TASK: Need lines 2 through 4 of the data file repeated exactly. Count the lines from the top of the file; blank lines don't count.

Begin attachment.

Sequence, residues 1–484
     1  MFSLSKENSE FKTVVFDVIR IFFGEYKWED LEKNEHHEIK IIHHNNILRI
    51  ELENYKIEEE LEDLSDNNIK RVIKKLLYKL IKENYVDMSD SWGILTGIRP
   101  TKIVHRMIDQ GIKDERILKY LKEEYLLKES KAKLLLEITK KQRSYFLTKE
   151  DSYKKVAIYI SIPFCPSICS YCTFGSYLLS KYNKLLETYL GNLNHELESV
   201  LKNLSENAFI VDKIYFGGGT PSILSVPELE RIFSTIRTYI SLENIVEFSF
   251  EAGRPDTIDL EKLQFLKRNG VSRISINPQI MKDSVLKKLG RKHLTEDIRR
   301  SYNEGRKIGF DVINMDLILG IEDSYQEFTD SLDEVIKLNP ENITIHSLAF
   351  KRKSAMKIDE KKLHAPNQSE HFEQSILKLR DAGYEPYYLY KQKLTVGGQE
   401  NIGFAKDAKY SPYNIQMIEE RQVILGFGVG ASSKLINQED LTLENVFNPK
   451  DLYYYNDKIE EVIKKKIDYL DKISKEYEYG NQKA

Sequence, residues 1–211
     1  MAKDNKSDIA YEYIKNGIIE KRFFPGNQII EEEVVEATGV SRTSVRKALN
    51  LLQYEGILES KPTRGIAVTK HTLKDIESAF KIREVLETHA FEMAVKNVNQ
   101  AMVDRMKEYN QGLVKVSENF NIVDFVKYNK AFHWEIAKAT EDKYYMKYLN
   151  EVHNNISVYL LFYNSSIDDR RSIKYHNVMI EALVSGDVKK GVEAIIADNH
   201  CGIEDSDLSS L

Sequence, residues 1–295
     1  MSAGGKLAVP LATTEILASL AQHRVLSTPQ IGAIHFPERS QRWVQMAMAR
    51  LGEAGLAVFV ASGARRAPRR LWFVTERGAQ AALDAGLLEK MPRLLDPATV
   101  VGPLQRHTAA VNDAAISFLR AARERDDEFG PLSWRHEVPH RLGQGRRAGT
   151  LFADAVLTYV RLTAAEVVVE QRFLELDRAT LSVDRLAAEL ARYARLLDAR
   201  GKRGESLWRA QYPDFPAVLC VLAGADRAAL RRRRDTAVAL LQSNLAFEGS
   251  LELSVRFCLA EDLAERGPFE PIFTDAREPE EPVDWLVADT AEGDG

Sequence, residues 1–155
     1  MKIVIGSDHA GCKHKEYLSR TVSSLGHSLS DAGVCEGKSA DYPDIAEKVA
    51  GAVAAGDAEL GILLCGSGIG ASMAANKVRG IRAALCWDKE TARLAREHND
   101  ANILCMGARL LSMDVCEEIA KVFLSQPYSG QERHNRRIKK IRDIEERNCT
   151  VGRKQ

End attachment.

     1  MFSLSKENSE FKTVVFDVIR IFFGEYKWED LEKNEHHEIK IIHHNNILRI
    51  ELENYKIEEE LEDLSDNNIK RVIKKLLYKL IKENYVDMSD SWGILTGIRP
   101  TKIVHRMIDQ GIKDERILKY LKEEYLLKES KAKLLLEITK KQRSYFLTKE